Methacton’s (2-2) Justin Gumienny kept the score tied 0-0 with an interception in the final minute of the first half, but Spring-Ford’s offense controlled the ball and the clock in the second half.

The Rams (4-0) drove 74 yards in 10 plays to open up the half, capping the eight-minute touchdown drive with a Nick Teets one-yard touchdown run at the 6:42 mark in the third quarter.

They followed with a 12-play, 67-yard drive the next time they got the ball, Freed finding Josh Hellauer for a two-yard touchdown pass with 11 minutes left in the fourth before Harry Adieyefeh put the game on ice with a 39-yard touchdown run with 4:11 to play on Spring-Ford’s third drive of the second half..

For the Rams, Adieyefeh ran 19 times for 138 yards, tallying 92 of those yards in the second half, and senior Andrew Yoon ran 10 times for 62 yards, also doing most of his damage after halftime with 56 yards. Teets caught six passes for 43 yards to lead the Rams’ aerial attack.

“At halftime, a lot of the seniors on the team, we weren’t happy with the position we were in going into the second half,” Yoon said. “So we were just trying to re-energize everyone, tell everyone it’s a new half, new start, let’s just re-collect ourselves and play as a unit more.”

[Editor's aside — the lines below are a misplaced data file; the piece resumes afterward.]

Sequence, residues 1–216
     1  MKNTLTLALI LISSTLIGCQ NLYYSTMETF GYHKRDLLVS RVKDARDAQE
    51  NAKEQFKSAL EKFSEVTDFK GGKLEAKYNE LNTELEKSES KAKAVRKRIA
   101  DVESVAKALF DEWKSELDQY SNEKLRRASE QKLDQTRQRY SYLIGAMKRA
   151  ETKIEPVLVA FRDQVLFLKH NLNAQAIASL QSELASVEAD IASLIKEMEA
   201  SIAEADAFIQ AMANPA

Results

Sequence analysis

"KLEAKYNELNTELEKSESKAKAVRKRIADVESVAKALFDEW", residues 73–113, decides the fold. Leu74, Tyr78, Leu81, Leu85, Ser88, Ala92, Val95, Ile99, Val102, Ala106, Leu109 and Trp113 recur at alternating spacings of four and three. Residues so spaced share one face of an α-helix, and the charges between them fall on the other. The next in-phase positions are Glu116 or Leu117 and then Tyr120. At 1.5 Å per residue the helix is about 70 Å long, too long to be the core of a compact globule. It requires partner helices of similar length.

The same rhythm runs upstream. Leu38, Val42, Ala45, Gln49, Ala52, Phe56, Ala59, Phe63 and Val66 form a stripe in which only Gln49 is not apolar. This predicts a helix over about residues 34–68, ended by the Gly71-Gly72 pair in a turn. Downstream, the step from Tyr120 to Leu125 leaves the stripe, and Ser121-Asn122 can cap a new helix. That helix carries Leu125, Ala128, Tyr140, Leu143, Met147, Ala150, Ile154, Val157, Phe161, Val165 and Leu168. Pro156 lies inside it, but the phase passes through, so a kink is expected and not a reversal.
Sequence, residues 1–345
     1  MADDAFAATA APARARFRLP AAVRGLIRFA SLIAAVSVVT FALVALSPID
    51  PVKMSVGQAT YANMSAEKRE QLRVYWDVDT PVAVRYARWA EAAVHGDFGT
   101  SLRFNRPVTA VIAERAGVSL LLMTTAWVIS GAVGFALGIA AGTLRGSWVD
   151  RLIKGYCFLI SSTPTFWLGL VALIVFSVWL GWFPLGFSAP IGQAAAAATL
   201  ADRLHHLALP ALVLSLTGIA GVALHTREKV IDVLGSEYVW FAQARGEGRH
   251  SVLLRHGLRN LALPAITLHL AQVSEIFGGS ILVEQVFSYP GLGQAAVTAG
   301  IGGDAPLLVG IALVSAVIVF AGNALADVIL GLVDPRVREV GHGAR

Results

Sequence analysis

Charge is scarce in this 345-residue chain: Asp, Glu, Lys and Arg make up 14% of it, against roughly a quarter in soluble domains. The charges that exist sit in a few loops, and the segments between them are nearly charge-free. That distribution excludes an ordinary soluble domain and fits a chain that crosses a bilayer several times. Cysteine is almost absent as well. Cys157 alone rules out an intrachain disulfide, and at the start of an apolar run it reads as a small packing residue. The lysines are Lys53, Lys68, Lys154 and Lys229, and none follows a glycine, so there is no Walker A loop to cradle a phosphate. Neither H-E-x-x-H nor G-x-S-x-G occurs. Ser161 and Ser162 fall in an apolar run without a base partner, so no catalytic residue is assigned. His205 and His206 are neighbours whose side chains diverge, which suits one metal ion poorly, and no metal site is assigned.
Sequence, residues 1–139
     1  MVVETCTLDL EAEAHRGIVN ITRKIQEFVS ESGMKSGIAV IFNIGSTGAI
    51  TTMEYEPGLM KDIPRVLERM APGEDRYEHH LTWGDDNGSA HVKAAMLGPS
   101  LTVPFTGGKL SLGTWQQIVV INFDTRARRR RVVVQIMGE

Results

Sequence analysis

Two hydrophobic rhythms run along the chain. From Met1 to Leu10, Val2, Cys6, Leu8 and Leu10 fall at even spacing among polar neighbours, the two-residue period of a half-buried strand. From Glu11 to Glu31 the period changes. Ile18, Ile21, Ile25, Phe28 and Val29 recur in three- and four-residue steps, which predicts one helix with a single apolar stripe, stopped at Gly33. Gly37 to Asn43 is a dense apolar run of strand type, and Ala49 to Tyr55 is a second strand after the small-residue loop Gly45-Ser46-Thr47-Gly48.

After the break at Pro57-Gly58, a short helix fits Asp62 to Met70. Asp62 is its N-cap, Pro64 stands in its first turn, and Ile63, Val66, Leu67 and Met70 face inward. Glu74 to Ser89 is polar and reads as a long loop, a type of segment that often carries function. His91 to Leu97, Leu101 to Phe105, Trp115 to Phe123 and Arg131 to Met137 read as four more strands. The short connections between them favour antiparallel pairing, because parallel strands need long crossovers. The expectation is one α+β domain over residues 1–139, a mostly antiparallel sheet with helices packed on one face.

“We just played our game, and you can tell how the second half went,” Adieyefeh added. “Just block out the noise and just ball.”

Linebacker Jude Wozniak and defensive backs Gumienny and Sean Conner helped lead a total team effort by the Warriors’ defense, which held the Rams to their lowest point total of the season

The Warriors’ offense drove 60 yards down the near Spring-Ford goal-line on its second offensive possession, but  couldn’t come away with points after three stops by the Rams (including two tackles from Hellauer) and a field goal block. They weren’t able to string a long drive together again until a fourth-quarter drive that stalled at the Spring-Ford 27.

Merola finished 7-of-14 for 47 yards, including two passes to Gumienny for 29 yards. Carfrey ran 11 times for 48 yards and Merola added nine carriers for 25 yards.

“It’s little things,” Methacton coach Dave Lotier said. “I think we’re executing better. Hats off, they have a great defense. We had a drive at the beginning there. We just couldn’t put it in. It’s a missed block here, it’s dropped pass here, it’s an overthrow here, but we’re close. We’re so close on offense. I’m excited to see how the rest of the season goes.”


After allowing 13 points in their first two wins, Friday night’s victory was a second consecutive shutout for the Spring-Ford defense. The Rams held Methacton to five first downs and 61 total yards in the final three quarters.